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Cinglium (military belt)

1uidcinglium2 The cinglium is the traditional Roman soldier's military belt. The term "cinglium" can also refer to the baldric-style belt used to carry a gladius, pugio, loculus, etc.

The Mark of a Soldier

The cinglium is the mark of the soldier — not only that, it's really a status symbol of being a soldier. Worn at all times, even off duty, only soldiers were allowed, by law, to wear this unique belt. The archaeological evidence suggests that most of these belts were plain and sparsely adorned, some however, were intricately elaborate. One theory is that since Roman soldiers did not have a lot to spend their pay on, they spent it on making their gear fancier. Is this the way it was? We don't know, but modern soldiers sure do this kind of thing — think about it…

Simple cinglium

1uidbuckle2For our purposes as common soldiers, a simple cinglium is acceptable. A tradition in Legio IX Hispana, is for the new miles to first make a simple cinglium. It's quick, inexpensive and really, it's better to have a simple cinglium when you first join, than none at all. A simple cinglium has a basic "D" buckle and no ornamental plates or if it has plates, they are simple flat bronze or brass sheet, with 4-6 baltea.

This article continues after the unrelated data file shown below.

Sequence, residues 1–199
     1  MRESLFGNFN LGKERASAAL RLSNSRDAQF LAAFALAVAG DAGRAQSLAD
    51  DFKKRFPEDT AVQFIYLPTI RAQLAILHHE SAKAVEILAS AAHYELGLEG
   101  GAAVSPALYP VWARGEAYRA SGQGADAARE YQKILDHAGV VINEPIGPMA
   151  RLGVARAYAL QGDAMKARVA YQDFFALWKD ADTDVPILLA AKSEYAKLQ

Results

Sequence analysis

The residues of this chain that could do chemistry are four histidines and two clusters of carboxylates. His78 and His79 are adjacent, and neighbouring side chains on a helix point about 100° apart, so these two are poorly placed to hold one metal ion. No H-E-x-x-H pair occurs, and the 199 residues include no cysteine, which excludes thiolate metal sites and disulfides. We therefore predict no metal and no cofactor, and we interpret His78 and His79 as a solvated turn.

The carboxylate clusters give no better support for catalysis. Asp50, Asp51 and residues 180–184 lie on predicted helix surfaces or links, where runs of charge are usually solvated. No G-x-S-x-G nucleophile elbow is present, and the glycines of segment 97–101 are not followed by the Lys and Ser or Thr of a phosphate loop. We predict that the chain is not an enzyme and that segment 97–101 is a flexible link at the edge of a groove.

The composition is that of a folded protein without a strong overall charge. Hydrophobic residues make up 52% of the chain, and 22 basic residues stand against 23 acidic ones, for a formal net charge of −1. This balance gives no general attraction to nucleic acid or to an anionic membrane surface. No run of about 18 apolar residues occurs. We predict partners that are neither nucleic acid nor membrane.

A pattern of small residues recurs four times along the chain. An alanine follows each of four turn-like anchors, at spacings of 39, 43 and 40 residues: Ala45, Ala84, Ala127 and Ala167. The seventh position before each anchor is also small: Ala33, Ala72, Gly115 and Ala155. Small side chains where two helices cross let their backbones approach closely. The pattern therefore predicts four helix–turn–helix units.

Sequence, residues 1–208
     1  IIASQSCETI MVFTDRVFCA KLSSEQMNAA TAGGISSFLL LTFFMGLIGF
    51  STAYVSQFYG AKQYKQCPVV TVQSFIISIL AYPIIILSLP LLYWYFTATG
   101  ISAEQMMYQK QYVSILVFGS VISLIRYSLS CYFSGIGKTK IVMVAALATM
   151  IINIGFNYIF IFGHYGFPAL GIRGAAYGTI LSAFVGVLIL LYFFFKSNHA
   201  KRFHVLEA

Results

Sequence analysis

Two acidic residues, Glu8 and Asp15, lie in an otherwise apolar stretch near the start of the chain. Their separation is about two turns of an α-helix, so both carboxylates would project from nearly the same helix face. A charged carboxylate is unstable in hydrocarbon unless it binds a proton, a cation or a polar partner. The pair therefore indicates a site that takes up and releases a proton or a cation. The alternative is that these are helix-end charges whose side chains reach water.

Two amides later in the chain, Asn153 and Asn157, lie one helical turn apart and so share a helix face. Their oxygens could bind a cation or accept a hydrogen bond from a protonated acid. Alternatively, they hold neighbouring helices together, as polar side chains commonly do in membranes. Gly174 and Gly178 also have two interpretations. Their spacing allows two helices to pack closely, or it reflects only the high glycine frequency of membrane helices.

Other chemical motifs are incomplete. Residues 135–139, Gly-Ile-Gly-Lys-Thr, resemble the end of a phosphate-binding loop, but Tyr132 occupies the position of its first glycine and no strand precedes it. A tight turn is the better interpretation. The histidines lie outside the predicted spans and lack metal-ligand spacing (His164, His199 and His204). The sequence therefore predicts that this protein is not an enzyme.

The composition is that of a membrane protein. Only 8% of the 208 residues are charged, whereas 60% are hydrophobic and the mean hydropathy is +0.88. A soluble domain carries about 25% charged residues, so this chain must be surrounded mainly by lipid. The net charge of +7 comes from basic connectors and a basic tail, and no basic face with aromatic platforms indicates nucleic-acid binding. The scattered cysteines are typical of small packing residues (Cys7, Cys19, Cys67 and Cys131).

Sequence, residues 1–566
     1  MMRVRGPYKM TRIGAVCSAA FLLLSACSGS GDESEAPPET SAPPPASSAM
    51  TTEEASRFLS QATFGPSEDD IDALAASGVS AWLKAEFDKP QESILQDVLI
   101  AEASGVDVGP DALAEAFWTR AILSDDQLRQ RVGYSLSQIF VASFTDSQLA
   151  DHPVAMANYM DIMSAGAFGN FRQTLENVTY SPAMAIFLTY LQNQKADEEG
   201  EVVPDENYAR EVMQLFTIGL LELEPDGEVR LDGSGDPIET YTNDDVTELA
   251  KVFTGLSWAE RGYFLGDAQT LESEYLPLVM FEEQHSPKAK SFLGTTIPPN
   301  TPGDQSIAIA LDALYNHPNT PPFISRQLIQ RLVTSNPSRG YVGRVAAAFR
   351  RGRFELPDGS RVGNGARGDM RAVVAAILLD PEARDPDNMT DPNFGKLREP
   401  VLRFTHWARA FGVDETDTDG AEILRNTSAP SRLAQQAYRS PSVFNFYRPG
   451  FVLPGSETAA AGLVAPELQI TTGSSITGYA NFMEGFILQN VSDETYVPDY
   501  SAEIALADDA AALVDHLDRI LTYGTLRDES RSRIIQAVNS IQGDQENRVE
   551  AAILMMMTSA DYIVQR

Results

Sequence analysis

As you acquire other gear and kit, you are encouraged to acquire a more ornamented cinglium… when that is complete, if you wish, you can then donate your simple cinglium into your chapter's loaner kit or pass it along to a new recruit you are sponsoring.

Parts of the cinglium

The Latinword for the hanging straps is baltea. A strap, including an apron strap, in Latin is: balteum (pl. baltea). This is the diminutive form of cinglium, thus, a "little belt".

The pendant at the very end of the "apron" strap: pensilium (pl. pensilia). Pensilium is a substantiative neuter adjective, meaning "a pendent thing." It is attested as piece of military gear in Granius Licianus 26.1.1, describing a type of cavalry harness pendant used by equestrian nobles.

Things to Avoid

  • Thick cast belt plates. A majority of the Roman belt plates discovered so far that date from the mid-1st century were made of sheet brass or silver. Some Roman belt plates were cast, but were generally much thinner than the older style reproductions still on the market.
  • Apron studs were more commonly stamped or made from sheet metal, but some were cast (again, generally thinner than the)
  • Wrong buckles. Again, get with Marcvs and he can point you in the right direction. I believe he has an article underway about this. Look for it soon.

Cinglium Nomenclature

Below are 3 pages of belt plates from the Vindonissa catalog for reference for making your own authentic belt. The drawings have a cross-section, so that you can see how they are made, i.e. stamped vs. cast.

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